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Newport, RI —In the Waves, a site-specific, contemporary outdoor artwork by renowned artist Melissa McGill will be installed on the lawn of Newport Restoration Foundation’s Rough Point Museum in the summer of 2021. The public exhibition of McGill’s installation is organized by Art&Newport in collaboration with Newport Restoration Foundation, and it furthers NRF’s efforts to raise awareness of the threat posed by sea level rise to cultural heritage. The artist hopes that her vision will ignite a conversation about the issues of sea level rise and climate change within the Newport community and beyond.
“We are thrilled to have this opportunity to work with an artist of Melissa McGill’s caliber,” said Mark Thompson, NRF’s Executive Director, “and we acknowledge the very generous support of Art&Newport, which has made this collaboration possible. For some time, we had hoped to work with an artist who could help us explicate the issues encompassed by our Keeping History Above Water initiative. Through the work of Melissa McGill and with the assistance of Art&Newport, this aspiration is becoming a reality.”
Melissa McGill is an interdisciplinary artist who creates large-scale, site-specific art projects and works in a variety of media, including photography, painting, drawing, sculpture, sound, light and immersive installation. A graduate of Rhode Island School of Design, she is most recently known for her work, Red Regatta. The public art project debuted in Venice, Italy in May 2019, and filled the city’s waterways with 52 traditional vela al terzo sailboats, hoisted with hand-painted red sails. According to McGill, the project “celebrate[d] the city’s maritime history and calls attention to the forces of climate change and mass tourism that threaten its future.”
McGill’s next project, In the Waves is a developing proposal for a public art installation at Rough Point in Newport, Rhode Island. It is sited specifically for the large open landscape between the ocean and the built environment, as we imagine the rising sea connecting the two. The project will evoke this urgency due to the rapidly changing climate.
“My most ambitious large scale public projects, Constellation and Red Regatta, speak of our relationship to the sea, as will In The Waves in Newport,” said McGill. “In The Waves encourages us to consider Rough Point as the seas rise. I watch and listen to the waves and they seem to deliver messages of past, present and future in their ebb and flow. I was born in Rhode Island, and returned for my college years at Rhode Island School of Design. The sea here stirs my memories and also my concern that much of Newport will be under water in the not too distant future.”
Melissa McGill is currently visiting Newport to further study the sea and its shore and make studies and art works as she develops In The Waves, including a series of gestural wave drawings that almost appear as poems on the page. These drawings are “written” with rocks specifically found at Rough Point and will be drawn on site. McGill is staying at Norman Bird Sanctuary in Middletown, RI through their artist-in-residence program.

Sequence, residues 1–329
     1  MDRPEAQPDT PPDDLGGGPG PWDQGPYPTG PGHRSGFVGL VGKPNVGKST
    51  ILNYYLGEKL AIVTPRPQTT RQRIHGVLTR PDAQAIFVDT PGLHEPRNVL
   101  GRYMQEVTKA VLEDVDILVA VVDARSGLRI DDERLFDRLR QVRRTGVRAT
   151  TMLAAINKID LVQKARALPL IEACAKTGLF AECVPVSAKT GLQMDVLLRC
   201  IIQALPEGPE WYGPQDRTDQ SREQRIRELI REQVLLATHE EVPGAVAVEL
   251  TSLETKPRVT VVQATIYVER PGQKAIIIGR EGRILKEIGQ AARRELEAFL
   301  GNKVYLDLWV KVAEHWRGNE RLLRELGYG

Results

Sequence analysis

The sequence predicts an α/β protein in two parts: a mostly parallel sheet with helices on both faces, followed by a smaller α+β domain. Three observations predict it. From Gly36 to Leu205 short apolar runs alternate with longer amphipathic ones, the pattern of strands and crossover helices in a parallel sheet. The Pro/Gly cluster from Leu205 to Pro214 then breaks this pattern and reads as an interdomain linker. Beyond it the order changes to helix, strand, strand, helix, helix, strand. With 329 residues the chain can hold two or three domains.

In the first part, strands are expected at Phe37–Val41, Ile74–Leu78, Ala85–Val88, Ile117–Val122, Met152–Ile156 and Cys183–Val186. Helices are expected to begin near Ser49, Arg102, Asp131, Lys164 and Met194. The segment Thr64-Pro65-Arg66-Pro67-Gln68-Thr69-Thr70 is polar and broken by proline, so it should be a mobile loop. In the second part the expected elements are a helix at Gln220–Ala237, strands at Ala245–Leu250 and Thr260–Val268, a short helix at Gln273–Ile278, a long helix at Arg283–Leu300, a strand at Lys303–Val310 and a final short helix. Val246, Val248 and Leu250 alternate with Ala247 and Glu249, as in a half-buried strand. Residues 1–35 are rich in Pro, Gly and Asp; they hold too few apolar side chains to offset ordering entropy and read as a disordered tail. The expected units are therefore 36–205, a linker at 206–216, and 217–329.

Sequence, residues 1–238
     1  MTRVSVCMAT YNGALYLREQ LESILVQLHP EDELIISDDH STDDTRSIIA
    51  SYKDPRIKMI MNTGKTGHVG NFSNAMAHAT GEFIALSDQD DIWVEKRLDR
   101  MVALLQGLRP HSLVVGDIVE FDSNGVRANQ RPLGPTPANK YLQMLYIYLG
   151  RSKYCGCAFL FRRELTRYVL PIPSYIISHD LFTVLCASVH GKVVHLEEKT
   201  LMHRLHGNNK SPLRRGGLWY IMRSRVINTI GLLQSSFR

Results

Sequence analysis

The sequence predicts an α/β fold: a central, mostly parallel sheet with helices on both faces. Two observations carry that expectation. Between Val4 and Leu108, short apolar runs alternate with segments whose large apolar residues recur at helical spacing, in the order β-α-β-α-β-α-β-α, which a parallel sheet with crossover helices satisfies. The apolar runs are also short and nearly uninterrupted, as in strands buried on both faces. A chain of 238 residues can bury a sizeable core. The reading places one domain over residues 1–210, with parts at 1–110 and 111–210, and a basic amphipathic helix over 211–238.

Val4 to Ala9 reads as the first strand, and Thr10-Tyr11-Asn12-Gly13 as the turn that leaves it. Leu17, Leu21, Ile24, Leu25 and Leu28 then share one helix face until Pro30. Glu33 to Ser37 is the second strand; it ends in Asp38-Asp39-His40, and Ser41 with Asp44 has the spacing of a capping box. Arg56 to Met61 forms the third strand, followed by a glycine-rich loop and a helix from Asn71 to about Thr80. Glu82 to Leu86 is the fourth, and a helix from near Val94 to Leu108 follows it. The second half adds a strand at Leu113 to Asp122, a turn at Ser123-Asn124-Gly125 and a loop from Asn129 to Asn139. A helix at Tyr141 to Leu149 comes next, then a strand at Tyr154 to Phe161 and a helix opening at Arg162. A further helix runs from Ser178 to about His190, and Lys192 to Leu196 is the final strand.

Programs and public discussions at Rough Point will be part of the In The Waves project, with the artist, the community, and experts in the field.
Rough Point Museum is located at 680 Bellevue Avenue in Newport, Rhode Island. Rough Point was originally purchased by Fredrick W. Vanderbilt and built in 1891 by architects Peabody & Sterns. It is most well known as the Newport home of heiress Doris Duke. Residing on nearly 11 acres of oceanfront property, the 38,000 square foot mansion houses an extensive collection of fine and decorative arts. Doris Duke bequeathed the home to the Newport Restoration Foundation upon her death, and Rough Point has been open to the public as a museum for 20 years.
A preservation organization at its core, Newport Restoration Foundation also developed the climate change initiative Keeping History Above Water® to address the challenges posed to historic buildings and neighborhoods from sea level rise and increasing storm activity. The first Keeping History Above Water® conference was organized and hosted by NRF in Newport, Rhode Island in April 2016. Inspired by the success of this inaugural initiative, NRF has sponsored and participated in Keeping History Above Water® conferences, workshops, and programs in Annapolis (conference, 2017), Palo Alto (workshop, 2018), Des Moines (program, 2018), St. Augustine (conference, 2019), and Nantucket (conference, 2019). The sixth iteration of the conference is scheduled to be held in Charleston, South Carolina on March 14 -16, 2021.
About the Newport Restoration Foundation
The Newport Restoration Foundation (NRF) is a non-profit organization established by philanthropist Doris Duke in 1968 to preserve the architectural and cultural heritage of 18th and 19th century Newport. NRF promotes economic and community restoration through historic preservation initiatives like Keeping History Above Water, which addresses the impact of sea-level rise on the built environment in the wake of climate change, and the Historic Trades Initiative, which harnesses the knowledge of local specialists to train the next generation of preservation craftspeople. In addition to a collection of more than 70 colonial houses, now rented to tenant stewards, NRF operates properties that are open to the public —including Rough Point, the Newport home of Doris Duke, and The Vernon House, a site of expansive storytelling, contemporary dialogue, and preservation trades skill-building.
NRF is on Facebook /NPTRestoration and Instagram @NPTRestoration. Visit newportrestoration.org for more information.